Drought, pollution, higher energy costs and increasingly expensive materials

How Tunisia's agricultural policy is driving farmers to despair

ICARDA / Flickr (CC BY-NC-SA 2.0 DEED)

Tunisian farming families struggle to make a living in areas where rainfall is extremely low and unreliable.

Tunisia is in the throes of both an economic and a water crisis. But while one farmer after another is getting rid of his cattle, the taps are running smoothly for textile companies and water parks. “Our government only thinks about bringing in foreign money.”

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More and more often, Nouri Mechergui, 46, walks from his farm across the busy, dusty road to Café Rafia. On this terrace in his village of Ras Jebel in northern Tunisia, he spends whole afternoons at a wobbly little table with like-minded people. Old friends, fellow farmers with a similar past, the same ideas, the same likes and dislikes, and the same love for their craft, passed down from generation to generation.

For them, everything is at stake. Their daily rhythm, in a sense their life, has been killed by a combination of factors, says Mechergui. “I am here more often than on my land. That makes me depressed. Irritated. At home, I sometimes react fussy.”

Mechergui speaks quickly and enthusiastically. His story shows exactly how climate problems are further eroding Tunisia’s near-bankrupt economy. “I recently sold all my cows. Cattle feed has become unaffordable and the big dairies are profiting from it. I don’t want to fill their coffers.”

Thousands of Tunisian farmers have done the same in recent years. Like Mechergui, they have taken stock. The cost of feed, which had risen by more than 25 per cent in two years, was eating up all their profits. Dairy industry representatives sounded the alarm: “Our milk production is collapsing.”

Thousands of small cheese dairies and several dozen large dairies now compete for the 1.2 million litres of milk that Tunisian farmers produce at peak times. This is still far less than the 1.8 million litres or so that the market demands.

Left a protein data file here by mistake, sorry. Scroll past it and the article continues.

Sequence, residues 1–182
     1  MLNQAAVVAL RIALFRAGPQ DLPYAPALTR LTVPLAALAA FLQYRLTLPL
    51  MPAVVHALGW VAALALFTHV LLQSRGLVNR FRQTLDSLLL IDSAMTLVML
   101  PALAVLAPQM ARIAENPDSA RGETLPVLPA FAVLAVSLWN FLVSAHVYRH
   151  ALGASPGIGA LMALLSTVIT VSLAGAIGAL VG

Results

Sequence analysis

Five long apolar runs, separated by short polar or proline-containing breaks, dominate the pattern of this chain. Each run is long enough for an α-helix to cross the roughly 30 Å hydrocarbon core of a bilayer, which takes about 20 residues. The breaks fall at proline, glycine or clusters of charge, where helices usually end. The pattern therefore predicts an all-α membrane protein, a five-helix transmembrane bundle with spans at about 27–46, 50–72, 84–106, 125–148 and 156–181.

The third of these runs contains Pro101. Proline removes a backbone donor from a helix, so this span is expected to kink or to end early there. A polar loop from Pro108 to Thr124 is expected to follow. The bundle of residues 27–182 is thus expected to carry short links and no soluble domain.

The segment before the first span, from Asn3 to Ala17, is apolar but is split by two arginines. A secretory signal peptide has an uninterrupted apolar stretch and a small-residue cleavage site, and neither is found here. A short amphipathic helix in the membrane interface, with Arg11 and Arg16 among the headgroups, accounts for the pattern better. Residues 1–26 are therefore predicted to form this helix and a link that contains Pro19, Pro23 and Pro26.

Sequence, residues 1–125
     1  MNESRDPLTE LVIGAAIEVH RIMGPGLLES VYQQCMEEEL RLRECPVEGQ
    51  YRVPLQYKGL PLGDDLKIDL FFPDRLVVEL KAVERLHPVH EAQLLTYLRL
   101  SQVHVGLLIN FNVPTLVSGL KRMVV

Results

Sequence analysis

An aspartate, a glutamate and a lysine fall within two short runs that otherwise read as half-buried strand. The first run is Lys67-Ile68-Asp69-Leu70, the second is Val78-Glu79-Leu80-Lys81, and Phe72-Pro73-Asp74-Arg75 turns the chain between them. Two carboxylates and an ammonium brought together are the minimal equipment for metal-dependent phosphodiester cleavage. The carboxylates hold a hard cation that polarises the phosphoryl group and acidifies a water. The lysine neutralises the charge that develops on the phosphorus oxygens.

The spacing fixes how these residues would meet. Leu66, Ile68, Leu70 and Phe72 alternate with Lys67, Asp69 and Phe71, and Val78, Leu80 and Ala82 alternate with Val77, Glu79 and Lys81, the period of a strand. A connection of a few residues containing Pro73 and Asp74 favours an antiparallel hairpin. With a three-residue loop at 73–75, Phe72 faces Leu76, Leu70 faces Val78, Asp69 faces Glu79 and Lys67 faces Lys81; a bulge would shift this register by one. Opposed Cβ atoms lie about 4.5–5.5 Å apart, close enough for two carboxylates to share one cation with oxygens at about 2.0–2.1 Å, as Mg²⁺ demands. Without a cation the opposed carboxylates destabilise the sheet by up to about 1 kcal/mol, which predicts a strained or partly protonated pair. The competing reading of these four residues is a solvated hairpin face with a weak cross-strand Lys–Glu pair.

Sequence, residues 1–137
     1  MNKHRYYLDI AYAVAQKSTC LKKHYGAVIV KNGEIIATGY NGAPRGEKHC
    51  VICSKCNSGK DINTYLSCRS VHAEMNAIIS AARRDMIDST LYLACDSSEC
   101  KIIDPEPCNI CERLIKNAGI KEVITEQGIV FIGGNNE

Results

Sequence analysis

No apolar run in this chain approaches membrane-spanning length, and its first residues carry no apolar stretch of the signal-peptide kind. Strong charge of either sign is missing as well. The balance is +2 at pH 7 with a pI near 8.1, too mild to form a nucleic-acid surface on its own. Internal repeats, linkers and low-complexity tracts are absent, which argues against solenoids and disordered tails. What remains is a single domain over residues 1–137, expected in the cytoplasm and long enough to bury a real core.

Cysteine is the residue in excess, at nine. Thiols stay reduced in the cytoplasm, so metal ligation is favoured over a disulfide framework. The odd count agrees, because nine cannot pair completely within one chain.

Empty shelves

The milk shortage is not the only symptom of Tunisia’s creaking and squeaking economy. Supermarket shelves have been virtually empty for months. Anyone in Tunisia who needs basic products — milk, cereals, flour, sugar, rice, pasta or vegetable oil — spends hours shuffling through all kinds of grocery shops and supermarkets, walking all over the city, often in vain.

President Kais Saied generally blames unnamed “speculators” and “all those who conspire to disrupt the country’s economy.” Other analyses are also circulating. The most common is that Tunisia produces little of its own and has to buy almost everything.

“Enforcing environmental regulations would make a big difference. But the Tunisian government is not interested in farmers, only in bringing in foreign money.”

While the government is practically broke, the currency is getting weaker. On top of that, the war in Ukraine has caused prices to soar. What is produced domestically is being destroyed by drought, pollution, higher energy tariffs and increasingly expensive materials.

Saber Tebini, general secretary of the Food Industry Federation, has seen the impact on the food industry. The whole country is going bankrupt. The 400 workers at the sugar refinery in the north have not been paid for months. Another sugar refinery can only produce for two months a year because of the drought.

Meanwhile, three milk companies have gone bankrupt. Finally, supermarkets are earning significantly less while their expenses for staff, rent or energy remain the same.

Employers these days have an easy time shaking off arguments against pay rises, says Tebini, slightly out of sorts. “Right now, wages have to go up. Inflation is hovering around 10 per cent. And the more money consumers have, the more they will spend.”

An average family of four in Tunisia needs about 2,400 dinars (equivalent to €712) a month to live in dignity. This was calculated by the Friedrich Ebert Foundation in 2019, long before the war in Ukraine. But the minimum wage for a 40-hour week here is no more than 390 dinars (€115.70).